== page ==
If the data you lost is extremely important or valuable, using a professional data recovery service may be worth the cost. Reputable data recovery companies have specialized tools and expertise to retrieve data from drives that are inaccessible or severely damaged. Here are some things to know about using professional recovery services:

  • Costs range widely, but expect to pay a minimum fee of $100-200 just for evaluation. The actual recovery can run $300-1000+ depending on the service level.
  • The more complex the job, the more it will cost. Logical recoveries of deleted files are cheaper than repairs of physical damage.
  • Choose a reputable recovery company and get an estimate upfront. Read reviews and make sure they have experience with your type of media.
  • Recovery success is not guaranteed. But professionals may have the best chance if DIY options failed.

Data recovery services are often the last resort when all other options have been exhausted. While expensive, they can potentially recover irreplaceable data from drives with severe logical or physical damage. Contact a specialized data recovery company for an evaluation if the lost data is extremely valuable or important.[1]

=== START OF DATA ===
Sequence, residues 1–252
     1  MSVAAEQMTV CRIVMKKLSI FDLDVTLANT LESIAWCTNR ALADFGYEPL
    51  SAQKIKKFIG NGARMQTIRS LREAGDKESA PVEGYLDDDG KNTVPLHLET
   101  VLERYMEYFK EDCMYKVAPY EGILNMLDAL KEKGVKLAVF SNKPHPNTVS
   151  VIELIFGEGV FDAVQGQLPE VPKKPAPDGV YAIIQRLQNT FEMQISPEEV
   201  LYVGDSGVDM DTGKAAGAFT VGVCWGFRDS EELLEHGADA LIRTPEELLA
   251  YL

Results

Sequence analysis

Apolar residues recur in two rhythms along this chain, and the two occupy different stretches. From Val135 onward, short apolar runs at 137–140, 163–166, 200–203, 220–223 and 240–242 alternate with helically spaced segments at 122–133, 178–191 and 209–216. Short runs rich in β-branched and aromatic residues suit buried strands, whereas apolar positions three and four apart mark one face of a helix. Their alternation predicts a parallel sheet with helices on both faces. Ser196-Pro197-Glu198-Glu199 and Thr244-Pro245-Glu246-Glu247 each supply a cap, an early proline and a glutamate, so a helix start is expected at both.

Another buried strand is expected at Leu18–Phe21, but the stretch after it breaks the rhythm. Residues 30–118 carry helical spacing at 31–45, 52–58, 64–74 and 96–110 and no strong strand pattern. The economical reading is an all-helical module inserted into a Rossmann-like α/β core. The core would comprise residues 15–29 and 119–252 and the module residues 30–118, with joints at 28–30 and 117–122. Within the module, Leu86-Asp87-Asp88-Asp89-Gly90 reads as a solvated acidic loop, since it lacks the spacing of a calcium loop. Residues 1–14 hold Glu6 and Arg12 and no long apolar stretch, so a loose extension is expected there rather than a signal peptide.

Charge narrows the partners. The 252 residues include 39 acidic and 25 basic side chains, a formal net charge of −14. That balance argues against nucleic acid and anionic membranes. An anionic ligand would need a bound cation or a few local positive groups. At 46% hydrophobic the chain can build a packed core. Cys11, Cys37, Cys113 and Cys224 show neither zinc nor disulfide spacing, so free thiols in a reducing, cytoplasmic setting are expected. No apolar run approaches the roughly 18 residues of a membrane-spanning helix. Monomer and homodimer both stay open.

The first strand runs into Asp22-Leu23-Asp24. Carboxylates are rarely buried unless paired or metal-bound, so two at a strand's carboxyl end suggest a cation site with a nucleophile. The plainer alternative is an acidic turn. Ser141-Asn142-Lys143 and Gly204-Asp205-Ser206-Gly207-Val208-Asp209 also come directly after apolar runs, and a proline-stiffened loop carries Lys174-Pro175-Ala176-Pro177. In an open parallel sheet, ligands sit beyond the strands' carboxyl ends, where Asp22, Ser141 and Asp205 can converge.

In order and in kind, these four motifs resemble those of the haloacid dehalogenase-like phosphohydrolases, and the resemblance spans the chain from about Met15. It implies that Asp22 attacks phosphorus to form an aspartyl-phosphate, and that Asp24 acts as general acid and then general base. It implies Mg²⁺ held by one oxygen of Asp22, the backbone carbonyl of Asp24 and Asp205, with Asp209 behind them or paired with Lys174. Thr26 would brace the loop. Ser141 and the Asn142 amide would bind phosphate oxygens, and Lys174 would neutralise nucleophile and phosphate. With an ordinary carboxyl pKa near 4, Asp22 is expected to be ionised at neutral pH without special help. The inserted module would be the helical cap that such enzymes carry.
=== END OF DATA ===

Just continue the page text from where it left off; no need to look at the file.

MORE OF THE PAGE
When All Else Fails, Replace It

If after trying all the troubleshooting steps the USB flash drive is still not working, it may be time to replace it. Most flash drives have a limited lifespan and can fail after extended use over time.

According to one source, under ideal conditions, data should remain preserved on a high-quality USB flash drive for up to 10 years. However, flash drives will eventually reach their write/erase cycle limit which can cause corruption and failure [1]. Heavy or frequent usage will shorten the lifespan.

If the flash drive is several years old, has had significant use, or has been exposed to harsh conditions, it may simply be beyond repair. Purchasing a new flash drive is recommended if you have exhausted all other troubleshooting options.

When buying a replacement, look for a quality drive with high storage capacity and durability. Avoid cheap low-quality drives which tend to have shorter lifespans. Also consider a drive designed for long-term archival storage if you need to preserve data for many years.